TechConnect, July 2018 | Mintz Levin
Mintz, Levin, Cohn, Ferris, Glovsky and Popeo, P.C.  

 

 

TechConnect

Your Law Firm Link to Industry News

July 2018

Letter from the Editors

Dear Readers,

In this issue we focus on a number of basics for building growth enterprises. We lead off with a terrific podcast on the importance of assembling a strong board of directors. We follow with an article on a new securities law that permits the aggregation of up to 250 investors in a single investment vehicle so long as the entity has no more than $10 million in capital contributions. This new law will be particularly useful to online platforms that aggregate angel and seed investors to invest in start-ups. We then discuss the importance of stock options and creating a culture of ownership, another basic in creating a valuable company. We conclude this issue with two innovator profiles: BioLabs@NYULangone, a new shared wet lab space located in New York’s SoHo neighborhood, and RainFocus, which provides a software platform for delivering insights and marketing messages at large-scale conferences and events.

We continue to see tremendous activity in the tech sectors and in particular in biotech and fintech. We also see, and are participating in, a tsunami of activity in digital token offerings that are compliant with SEC rules and regulations. As with all new tools for raising capital, the basics of building a meaningful business remain the same, and that is why we urge all of our clients to build a strong foundation for their enterprises.

As always, we welcome your questions and inquiries, and we invite all of you to visit our website for emerging companies mintzedge.com.

Sincerely yours,

Dan + Sam

Dan DeWolf

 

Sam Effron

 
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Editors

Daniel I. DeWolf

Samuel Asher Effron

 

 

Related Practices

Corporate & Securities

Intellectual Property

Privacy & Security

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Real Estate

Securities & Capital Markets

Sports Law

Technology Transfer

Venture Capital

 

 

Related Industries

Arts & Entertainment

Energy & Clean Technology

Financial Services

Life Sciences

Technology

 

Related Websites

Dan DeWolf

 

Contents

From the Edge: Jeff Belk Discusses the Importance of Building a Great Board of Directors

New Beneficial Owner Threshold Eases VC Fundraising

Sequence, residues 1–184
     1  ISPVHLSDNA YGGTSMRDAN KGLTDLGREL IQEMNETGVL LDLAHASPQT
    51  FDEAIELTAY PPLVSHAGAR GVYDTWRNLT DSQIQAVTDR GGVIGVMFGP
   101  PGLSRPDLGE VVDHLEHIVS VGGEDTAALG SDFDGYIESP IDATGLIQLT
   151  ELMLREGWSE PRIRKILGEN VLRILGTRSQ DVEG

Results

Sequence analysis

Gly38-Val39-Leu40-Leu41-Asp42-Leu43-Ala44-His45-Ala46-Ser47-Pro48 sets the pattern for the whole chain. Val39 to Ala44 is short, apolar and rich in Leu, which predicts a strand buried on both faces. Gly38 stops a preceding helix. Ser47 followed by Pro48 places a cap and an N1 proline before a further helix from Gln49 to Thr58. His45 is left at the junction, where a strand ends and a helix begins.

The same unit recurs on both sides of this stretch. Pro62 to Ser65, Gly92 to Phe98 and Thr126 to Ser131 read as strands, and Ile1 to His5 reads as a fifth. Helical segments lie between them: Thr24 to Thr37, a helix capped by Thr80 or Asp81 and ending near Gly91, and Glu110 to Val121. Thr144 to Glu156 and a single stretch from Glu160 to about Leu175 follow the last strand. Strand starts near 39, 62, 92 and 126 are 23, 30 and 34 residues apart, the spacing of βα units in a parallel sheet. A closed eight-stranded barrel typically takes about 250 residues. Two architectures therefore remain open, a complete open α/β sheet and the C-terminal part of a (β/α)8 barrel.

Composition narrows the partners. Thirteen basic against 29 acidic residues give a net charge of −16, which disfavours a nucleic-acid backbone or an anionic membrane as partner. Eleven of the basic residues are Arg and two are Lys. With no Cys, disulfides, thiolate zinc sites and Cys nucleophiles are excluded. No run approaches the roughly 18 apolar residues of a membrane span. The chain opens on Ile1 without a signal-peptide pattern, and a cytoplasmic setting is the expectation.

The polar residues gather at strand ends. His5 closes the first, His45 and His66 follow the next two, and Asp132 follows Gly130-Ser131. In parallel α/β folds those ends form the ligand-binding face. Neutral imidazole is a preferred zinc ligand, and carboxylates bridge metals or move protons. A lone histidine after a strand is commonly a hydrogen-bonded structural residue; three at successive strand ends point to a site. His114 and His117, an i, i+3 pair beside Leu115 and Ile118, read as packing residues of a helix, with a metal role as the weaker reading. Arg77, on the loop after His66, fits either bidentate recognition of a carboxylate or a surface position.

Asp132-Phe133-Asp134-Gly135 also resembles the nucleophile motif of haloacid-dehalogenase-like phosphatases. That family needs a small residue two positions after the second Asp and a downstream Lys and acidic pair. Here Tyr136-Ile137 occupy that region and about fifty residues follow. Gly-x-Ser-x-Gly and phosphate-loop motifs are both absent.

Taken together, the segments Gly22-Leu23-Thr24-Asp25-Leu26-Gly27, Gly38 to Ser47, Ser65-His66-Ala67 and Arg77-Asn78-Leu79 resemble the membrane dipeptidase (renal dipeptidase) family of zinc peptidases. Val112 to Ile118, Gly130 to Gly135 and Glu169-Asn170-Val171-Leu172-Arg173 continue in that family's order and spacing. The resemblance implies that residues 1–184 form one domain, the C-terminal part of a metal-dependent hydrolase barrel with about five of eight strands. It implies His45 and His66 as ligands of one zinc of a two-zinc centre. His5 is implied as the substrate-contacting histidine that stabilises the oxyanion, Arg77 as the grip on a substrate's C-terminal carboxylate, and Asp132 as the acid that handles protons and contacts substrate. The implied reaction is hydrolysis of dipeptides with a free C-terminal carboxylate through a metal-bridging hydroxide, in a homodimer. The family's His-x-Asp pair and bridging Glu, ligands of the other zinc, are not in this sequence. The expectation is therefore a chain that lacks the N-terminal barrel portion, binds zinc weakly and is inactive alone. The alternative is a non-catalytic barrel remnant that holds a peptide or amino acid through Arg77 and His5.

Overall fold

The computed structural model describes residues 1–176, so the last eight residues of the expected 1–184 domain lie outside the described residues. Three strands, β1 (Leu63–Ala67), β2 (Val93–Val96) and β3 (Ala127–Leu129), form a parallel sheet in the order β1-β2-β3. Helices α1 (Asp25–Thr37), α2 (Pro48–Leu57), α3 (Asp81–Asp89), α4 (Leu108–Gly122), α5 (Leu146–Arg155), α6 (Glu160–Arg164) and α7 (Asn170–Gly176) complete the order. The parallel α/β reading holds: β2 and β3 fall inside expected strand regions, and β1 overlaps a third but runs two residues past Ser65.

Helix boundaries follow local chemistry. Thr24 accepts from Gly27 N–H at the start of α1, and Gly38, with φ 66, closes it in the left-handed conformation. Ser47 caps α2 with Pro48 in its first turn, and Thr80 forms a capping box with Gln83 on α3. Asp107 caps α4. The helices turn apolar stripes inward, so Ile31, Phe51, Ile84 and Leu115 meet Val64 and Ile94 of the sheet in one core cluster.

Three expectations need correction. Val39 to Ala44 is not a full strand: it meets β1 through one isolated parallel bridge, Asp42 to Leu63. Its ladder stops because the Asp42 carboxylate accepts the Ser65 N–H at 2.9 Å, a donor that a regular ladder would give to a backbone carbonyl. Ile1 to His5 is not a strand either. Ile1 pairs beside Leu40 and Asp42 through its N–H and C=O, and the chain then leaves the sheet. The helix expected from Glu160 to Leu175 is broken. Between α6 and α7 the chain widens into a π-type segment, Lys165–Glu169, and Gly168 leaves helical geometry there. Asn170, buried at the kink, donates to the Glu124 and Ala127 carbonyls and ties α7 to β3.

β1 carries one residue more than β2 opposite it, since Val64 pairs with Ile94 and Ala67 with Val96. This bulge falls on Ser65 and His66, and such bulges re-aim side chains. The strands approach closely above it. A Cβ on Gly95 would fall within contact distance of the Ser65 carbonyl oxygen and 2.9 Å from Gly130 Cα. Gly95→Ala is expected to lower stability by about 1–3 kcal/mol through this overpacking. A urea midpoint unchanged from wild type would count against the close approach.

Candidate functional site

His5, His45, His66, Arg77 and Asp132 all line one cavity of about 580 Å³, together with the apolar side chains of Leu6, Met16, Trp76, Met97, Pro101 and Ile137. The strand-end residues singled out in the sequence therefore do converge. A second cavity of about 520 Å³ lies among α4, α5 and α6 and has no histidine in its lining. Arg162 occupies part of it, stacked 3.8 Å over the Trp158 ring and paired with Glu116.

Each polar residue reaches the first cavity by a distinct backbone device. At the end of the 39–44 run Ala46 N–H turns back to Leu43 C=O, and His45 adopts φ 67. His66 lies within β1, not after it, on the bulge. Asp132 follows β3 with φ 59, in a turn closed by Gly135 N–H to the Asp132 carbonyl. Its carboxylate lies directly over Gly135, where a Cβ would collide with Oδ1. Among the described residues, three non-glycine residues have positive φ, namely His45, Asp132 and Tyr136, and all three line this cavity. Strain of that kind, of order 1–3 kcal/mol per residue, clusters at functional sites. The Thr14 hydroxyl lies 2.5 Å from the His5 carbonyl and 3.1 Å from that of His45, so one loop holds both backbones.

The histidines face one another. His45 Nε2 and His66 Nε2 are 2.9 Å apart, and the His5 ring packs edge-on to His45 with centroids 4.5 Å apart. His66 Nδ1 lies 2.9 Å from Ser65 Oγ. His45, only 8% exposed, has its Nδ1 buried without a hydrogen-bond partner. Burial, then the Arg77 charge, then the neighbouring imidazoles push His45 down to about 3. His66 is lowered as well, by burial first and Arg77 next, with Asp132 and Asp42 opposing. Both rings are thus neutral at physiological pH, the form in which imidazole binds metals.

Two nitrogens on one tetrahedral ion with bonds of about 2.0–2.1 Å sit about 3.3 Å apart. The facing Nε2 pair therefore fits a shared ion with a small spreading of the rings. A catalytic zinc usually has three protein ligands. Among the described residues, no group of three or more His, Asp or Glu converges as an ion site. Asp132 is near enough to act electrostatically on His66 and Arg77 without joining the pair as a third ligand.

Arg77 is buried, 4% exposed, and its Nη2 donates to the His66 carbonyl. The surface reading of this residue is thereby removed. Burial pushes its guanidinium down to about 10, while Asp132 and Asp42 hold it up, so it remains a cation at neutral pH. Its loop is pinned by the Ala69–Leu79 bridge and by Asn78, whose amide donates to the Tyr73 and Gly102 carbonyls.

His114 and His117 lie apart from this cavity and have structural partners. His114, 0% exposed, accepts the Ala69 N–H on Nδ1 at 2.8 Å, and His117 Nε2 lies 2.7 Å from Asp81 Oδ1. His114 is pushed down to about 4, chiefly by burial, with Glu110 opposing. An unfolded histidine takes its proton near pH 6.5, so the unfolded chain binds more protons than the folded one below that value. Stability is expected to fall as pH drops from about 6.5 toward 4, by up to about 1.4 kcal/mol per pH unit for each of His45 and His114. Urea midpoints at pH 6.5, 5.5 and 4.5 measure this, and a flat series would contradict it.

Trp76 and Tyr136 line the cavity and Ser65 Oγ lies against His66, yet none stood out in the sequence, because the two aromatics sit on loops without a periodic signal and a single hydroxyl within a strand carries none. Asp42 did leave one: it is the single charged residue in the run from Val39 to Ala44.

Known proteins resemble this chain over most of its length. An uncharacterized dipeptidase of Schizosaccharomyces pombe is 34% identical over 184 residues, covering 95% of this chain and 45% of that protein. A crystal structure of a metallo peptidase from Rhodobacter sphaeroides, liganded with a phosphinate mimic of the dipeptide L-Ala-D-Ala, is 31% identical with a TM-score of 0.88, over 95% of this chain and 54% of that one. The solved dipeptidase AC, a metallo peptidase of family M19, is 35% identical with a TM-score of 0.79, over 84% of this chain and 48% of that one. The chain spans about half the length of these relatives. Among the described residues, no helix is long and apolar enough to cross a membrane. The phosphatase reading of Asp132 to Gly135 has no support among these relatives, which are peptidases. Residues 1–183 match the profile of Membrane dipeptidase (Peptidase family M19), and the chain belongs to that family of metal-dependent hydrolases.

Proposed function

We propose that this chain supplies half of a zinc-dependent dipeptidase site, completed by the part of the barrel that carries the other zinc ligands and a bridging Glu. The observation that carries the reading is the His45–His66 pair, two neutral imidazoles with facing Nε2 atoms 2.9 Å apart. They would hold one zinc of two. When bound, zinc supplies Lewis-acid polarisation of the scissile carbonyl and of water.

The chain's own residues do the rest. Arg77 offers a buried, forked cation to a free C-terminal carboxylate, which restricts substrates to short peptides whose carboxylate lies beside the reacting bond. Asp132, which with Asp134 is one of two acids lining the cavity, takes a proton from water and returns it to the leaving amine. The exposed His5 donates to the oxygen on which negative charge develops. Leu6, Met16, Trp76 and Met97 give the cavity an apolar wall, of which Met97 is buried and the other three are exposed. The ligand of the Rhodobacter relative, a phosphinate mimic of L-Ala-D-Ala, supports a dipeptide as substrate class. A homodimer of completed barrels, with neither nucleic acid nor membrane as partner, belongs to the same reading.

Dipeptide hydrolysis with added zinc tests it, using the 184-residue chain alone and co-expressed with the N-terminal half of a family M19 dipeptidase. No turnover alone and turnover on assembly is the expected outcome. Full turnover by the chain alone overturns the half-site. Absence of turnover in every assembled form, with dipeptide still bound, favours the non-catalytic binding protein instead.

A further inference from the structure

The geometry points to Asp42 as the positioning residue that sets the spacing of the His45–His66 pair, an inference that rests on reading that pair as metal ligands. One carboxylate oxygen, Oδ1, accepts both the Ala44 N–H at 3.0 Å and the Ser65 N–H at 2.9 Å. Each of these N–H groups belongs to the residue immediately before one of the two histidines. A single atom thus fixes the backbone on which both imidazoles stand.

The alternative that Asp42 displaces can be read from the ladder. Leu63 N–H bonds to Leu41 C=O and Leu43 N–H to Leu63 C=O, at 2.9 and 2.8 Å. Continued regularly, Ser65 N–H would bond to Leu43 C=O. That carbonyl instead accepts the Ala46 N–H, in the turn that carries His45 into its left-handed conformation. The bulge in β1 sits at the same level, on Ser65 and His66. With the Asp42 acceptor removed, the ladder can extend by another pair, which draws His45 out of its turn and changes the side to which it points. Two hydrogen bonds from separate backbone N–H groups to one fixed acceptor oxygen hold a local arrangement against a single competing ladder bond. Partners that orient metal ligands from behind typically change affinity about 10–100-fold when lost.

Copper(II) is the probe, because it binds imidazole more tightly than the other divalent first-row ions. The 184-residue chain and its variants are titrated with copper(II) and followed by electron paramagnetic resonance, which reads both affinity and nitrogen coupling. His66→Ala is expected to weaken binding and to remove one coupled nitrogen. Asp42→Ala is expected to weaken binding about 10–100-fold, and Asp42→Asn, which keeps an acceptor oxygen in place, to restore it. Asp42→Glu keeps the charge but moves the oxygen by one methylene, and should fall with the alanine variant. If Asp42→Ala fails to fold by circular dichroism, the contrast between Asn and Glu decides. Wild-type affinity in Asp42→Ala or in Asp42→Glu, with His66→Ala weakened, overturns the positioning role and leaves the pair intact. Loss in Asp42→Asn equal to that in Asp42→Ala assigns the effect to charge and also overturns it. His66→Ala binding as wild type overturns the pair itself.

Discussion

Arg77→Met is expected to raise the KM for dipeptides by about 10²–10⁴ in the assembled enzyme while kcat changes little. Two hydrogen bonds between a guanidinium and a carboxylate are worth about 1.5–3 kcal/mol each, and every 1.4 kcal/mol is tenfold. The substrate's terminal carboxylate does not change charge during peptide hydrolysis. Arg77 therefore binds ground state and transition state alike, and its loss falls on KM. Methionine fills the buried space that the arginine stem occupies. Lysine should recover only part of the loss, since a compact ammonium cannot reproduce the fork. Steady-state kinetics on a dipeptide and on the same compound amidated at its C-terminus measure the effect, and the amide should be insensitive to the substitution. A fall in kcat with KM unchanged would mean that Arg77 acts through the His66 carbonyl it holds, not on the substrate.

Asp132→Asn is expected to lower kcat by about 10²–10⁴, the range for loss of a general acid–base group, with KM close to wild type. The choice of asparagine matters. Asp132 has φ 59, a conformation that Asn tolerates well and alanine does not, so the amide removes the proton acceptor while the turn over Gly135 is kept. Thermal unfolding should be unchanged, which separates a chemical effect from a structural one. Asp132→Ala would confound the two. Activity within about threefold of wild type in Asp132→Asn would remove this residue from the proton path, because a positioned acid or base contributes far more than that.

Why Does a Company Issue Stock Options?

Innovator Profile: BioLabs New York

Innovator Profile: RainFocus

Congratulations to Killer Snails

Upcoming Events

 

From The Edge: Podcast with Jeff Belk

In this podcast, Jeff Belk, an early employee of Qualcomm and serial entrepreneur and investor, explains why it is important to build a great board of directors and how to communicate with your board most effectively.

 

Listen to the podcast »

 

 

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New Beneficial Owner Threshold Eases VC Fundraising

By Talia Primor, Rachel Gholston, and Dan DeWolf

Small venture capital funds and special purpose vehicles, which otherwise qualify as “venture capital funds,” can now raise money from up to 250 beneficial owners and remain within the 3(c)(1) exemption of the Investment Company Act of 1940 (the “Investment Company Act”).

On May 24, 2018, the Economic Growth, Regulatory Relief, and Consumer Protection Act (the “Act”) was signed into law. Among the financial industry reforms included in the Act is a modification to Section 3(c)(1). Section 3(c)(1) is a common exemption used by funds and special purpose vehicles to avoid registering as an investment company with the Securities and Exchange Commission. While previously limited to 100 beneficial owners, “qualifying venture capital funds,” those venture capital funds that do not have more than $10 million in aggregate capital contributions and uncalled committed capital, can now take advantage of the Section 3(c)(1) exemption if they have no more than 250 beneficial owners.

Prior to the passage of the Act, the 100-owner limit presented fundraising challenges for smaller venture capital funds and special purpose vehicles, which tend to attract investors that invest relatively smaller amounts of capital. We believe the increase of the beneficial-owner threshold will allow asset managers, angel groups, and online platforms greater flexibility to access capital for their qualifying venture capital funds and special purpose vehicles by allowing them to raise capital from a larger number of investors. This additional flexibility is one more step forward in facilitating the raising of capital for emerging companies.

If you have any questions about this change to the Investment Company Act and how it could affect you and your business, contact one of the authors of this article and we will be happy to discuss it with you.

 

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Why Does a Company Issue Stock Options?

By Dan DeWolf